July 28, 2007
CAMAGUEY, Cuba: People were out in force to celebrate the 54th
anniversary of the Cuban revolution and to wish for a renewal in the
health of Fidel Castro.
Tens of thousands formed a sea of red in Camaguey's Plaza de la
Revolucion Agramonte, many chanting "Viva Fidel", to hear his brother
Raul call to push Cuba in a new direction.
Fidel is still hidden from the public after stomach surgery last July
and his prospects of returning to power remain uncertain.
His younger brother declared that Cuba was considering opening further
to foreign investment, allowing business partners to provide this
financially strapped nation with "capital, technology or markets".
The younger Castro's remarks, coupled with his unusual admission that
the Cuban Government needs to pay its vast cadres of state-employed
workers more to cover basic needs, amounted to the clearest indication
yet of how he might lead the nation. Raul Castro, 76, who was named
interim president on July 31 last year, vowed to partner only with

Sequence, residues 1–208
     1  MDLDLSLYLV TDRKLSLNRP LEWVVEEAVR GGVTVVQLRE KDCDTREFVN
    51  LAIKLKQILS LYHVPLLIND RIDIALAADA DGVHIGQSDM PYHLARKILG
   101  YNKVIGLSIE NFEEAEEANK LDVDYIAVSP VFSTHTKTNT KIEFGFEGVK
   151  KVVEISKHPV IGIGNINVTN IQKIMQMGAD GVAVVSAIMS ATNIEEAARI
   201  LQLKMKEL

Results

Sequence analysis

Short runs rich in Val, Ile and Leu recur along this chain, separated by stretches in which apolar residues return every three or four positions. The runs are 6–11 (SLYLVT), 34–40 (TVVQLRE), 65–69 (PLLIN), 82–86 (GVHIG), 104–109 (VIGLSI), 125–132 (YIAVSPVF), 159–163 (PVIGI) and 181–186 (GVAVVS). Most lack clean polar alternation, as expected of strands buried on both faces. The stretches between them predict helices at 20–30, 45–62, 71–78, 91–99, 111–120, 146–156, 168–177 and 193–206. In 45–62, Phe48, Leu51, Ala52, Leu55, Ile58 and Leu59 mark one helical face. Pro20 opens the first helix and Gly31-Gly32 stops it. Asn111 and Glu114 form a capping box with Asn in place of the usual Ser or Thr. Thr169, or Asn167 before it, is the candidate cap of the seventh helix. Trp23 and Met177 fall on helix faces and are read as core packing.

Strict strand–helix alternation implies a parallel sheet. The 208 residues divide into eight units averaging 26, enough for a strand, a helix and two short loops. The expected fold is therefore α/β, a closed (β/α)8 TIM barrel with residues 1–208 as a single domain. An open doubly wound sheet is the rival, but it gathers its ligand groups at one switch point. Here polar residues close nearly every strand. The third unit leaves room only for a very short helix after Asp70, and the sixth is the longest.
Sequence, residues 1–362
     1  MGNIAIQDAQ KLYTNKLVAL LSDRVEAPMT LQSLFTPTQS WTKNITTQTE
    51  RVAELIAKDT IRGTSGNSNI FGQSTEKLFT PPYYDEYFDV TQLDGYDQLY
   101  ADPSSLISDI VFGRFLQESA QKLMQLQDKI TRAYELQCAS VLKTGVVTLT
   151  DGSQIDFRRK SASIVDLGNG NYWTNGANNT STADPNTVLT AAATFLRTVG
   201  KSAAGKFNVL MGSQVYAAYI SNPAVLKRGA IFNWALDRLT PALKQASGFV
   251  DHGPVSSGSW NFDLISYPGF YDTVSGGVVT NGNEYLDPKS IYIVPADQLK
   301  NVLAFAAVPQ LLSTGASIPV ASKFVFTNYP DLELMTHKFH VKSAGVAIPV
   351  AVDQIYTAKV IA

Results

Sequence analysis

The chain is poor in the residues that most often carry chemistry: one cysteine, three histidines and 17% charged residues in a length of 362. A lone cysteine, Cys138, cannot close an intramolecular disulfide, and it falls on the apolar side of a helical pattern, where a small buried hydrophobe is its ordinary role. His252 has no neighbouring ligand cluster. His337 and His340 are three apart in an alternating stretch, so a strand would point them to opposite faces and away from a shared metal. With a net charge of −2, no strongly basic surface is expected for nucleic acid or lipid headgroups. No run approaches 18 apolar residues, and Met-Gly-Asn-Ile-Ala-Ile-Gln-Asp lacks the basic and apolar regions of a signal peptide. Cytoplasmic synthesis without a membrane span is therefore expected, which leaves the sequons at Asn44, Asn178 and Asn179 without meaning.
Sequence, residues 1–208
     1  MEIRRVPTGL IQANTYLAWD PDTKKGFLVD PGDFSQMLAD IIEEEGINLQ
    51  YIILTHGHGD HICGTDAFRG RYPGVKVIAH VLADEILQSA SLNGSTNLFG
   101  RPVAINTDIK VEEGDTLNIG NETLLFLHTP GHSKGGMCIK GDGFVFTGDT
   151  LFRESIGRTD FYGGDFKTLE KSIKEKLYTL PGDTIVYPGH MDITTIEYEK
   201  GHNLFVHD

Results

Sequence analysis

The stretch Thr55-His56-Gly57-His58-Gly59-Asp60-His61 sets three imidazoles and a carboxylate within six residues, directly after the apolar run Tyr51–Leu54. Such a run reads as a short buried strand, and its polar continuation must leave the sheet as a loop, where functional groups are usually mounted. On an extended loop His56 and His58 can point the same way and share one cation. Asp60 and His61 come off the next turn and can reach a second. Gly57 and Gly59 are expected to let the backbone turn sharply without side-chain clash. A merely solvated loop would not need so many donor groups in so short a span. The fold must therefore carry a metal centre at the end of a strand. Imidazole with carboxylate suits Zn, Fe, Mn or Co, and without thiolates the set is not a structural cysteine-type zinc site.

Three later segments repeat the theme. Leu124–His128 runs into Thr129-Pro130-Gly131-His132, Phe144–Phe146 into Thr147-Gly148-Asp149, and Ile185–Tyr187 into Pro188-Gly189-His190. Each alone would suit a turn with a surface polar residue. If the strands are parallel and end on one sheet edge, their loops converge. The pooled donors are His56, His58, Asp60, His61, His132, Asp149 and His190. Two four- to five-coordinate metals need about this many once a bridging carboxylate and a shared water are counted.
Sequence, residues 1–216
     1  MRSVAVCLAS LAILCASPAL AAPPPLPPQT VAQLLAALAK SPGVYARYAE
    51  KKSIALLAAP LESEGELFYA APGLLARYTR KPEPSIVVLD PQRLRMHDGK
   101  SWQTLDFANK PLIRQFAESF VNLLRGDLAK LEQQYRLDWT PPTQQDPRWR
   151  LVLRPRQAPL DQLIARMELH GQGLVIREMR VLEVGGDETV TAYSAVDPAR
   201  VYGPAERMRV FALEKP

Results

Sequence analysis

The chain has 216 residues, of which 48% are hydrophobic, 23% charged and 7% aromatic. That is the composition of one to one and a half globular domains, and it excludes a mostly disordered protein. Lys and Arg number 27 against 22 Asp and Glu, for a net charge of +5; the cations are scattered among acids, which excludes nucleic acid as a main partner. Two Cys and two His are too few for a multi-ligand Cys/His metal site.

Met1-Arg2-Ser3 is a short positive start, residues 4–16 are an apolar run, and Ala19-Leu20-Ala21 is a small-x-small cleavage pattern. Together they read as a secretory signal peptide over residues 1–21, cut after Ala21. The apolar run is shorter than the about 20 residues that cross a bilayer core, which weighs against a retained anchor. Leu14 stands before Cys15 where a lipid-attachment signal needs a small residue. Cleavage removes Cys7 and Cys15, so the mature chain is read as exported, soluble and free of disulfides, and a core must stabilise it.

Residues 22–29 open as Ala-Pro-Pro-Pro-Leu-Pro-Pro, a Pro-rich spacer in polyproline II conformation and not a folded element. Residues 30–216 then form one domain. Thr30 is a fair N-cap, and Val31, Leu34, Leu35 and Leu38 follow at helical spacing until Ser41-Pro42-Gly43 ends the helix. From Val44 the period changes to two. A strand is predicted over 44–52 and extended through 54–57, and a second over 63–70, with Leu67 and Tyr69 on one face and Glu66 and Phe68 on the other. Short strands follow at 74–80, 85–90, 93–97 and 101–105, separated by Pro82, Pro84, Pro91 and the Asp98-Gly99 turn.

"serious entrepreneurs, upon well-defined legal bases".
He struck distinctly capitalist notes in this central Cuban city. But he
also was careful to appeal to party hardliners, saying any new business
deals must "preserve the role of the state and the predominance of
socialist property" and that the Government would be "careful not to
repeat the mistakes of the past, [which] owed to naivety or our
ignorance about these partnerships."
He even suggested that the US after the term of President George Bush
might play a role in his new Cuba, an idea quickly rejected by Washington.
"If the new US administration once and for all can set aside its
overbearing nature and talk in a civilised fashion, that will be most
welcome," Castro said.
But a US State Department spokesman, Sean McCormack, said: "The only
real dialogue he needs is with the Cuban people."